Joel 2:2


King James Version (KJV)

A day of darkness and of gloominess, a day of clouds and of thick darkness, as the morning spread on the mountains: a great people and a strong; there has not been ever the like, neither shall be any more after it, even to the years of many generations.

American King James Version (AKJV)

A day of darkness and of gloominess, a day of clouds and of thick darkness, as the morning spread on the mountains: a great people and a strong; there has not been ever the like, neither shall be any more after it, even to the years of many generations.

American Standard Version (ASV)

a day of darkness and gloominess, a day of clouds and thick darkness, as the dawn spread upon the mountains; a great people and a strong; there hath not been ever the like, neither shall be any more after them, even to the years of many generations.

Basic English Translation (BBE)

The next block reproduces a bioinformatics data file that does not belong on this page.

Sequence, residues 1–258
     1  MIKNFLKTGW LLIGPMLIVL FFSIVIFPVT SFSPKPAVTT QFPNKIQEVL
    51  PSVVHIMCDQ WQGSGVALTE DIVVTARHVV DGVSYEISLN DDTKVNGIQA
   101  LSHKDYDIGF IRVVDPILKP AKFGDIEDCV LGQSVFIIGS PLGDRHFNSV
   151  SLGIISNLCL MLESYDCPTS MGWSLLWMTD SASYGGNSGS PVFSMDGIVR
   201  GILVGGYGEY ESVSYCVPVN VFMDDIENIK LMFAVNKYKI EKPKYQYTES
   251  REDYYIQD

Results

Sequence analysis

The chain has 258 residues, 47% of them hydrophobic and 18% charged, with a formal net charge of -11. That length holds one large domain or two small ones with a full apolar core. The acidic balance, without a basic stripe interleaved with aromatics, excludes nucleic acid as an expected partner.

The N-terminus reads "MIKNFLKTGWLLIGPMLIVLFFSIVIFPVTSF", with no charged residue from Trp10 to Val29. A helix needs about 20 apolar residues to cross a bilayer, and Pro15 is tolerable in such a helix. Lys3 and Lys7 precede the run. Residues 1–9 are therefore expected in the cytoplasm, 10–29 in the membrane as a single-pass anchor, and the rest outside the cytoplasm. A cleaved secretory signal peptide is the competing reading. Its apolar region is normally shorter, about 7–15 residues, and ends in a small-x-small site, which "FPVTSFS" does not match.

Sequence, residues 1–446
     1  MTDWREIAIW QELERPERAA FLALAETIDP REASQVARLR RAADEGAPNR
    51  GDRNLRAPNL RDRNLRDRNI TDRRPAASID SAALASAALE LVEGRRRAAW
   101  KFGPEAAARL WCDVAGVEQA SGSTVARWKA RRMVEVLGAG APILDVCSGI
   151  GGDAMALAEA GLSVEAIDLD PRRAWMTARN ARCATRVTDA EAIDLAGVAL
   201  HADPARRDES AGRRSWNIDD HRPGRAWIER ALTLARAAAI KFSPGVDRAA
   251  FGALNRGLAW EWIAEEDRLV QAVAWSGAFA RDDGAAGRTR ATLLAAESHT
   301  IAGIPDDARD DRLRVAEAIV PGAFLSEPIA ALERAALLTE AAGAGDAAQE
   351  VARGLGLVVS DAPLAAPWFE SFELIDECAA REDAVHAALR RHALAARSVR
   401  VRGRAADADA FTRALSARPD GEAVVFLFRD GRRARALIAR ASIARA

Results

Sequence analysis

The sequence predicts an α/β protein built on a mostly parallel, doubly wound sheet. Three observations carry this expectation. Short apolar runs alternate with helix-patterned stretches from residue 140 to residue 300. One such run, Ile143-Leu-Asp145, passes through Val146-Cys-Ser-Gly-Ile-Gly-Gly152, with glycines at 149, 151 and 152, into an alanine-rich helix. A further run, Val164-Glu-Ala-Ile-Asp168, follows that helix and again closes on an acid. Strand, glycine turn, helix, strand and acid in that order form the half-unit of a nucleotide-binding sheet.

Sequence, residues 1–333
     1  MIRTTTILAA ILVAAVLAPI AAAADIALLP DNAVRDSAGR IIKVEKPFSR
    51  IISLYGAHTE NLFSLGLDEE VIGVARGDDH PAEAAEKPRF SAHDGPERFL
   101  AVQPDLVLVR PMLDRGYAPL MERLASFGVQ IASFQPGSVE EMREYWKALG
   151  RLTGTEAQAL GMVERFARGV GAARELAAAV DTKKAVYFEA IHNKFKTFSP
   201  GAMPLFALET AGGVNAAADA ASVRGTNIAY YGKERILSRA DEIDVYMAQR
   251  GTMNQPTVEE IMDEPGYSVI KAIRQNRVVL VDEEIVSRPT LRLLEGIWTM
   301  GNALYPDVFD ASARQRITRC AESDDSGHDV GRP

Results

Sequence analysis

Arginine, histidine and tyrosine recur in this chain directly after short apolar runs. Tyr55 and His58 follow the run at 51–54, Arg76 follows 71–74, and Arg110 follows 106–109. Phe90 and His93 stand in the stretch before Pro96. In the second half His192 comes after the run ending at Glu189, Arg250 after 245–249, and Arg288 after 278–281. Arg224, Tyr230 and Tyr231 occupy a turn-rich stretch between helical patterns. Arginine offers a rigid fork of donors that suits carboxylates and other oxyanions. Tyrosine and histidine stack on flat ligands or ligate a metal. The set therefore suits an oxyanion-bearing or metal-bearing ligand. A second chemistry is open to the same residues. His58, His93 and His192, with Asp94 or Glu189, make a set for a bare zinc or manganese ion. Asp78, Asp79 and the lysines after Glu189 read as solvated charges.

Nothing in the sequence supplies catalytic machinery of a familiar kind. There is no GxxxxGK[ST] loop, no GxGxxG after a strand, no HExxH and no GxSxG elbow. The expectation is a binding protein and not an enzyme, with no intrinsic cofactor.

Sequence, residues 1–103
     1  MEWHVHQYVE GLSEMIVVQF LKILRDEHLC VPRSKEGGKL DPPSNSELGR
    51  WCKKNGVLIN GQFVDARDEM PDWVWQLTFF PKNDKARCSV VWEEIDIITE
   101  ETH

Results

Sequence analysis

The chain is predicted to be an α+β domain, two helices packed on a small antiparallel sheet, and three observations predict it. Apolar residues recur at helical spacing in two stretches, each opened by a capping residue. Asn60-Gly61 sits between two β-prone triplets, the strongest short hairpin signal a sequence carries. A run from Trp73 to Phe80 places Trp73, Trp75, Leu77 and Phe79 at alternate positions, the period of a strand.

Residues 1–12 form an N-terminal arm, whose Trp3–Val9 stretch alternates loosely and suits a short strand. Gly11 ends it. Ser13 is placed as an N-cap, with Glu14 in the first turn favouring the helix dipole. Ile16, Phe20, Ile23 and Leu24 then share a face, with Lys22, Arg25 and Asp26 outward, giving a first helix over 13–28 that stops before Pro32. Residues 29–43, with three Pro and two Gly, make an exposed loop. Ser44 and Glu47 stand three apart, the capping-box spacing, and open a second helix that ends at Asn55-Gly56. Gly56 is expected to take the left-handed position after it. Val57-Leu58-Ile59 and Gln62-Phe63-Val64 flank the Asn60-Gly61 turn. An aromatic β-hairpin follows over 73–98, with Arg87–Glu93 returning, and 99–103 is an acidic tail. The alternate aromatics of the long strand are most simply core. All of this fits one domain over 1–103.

For a day of dark and deep shade is near, a day of cloud and black night: like a black cloud a great and strong people is covering the mountains; there has never been any like them and will not be after them again, from generation to generation.

Webster's Revision

A day of darkness and of gloominess, a day of clouds and of thick darkness, as the morning spread upon the mountains: a great people and a strong; there hath not been ever the like, neither shall be any more after it, even to the years of many generations.

World English Bible

A day of darkness and gloominess, a day of clouds and thick darkness. As the dawn spreading on the mountains, a great and strong people; there has never been the like, neither will there be any more after them, even to the years of many generations.

English Revised Version (ERV)

a day of darkness and gloominess, a day of clouds and thick darkness, as the dawn spread upon the mountains; a great people and a strong, there hath not been ever the like, neither shall be any more after them, even to the years of many generations.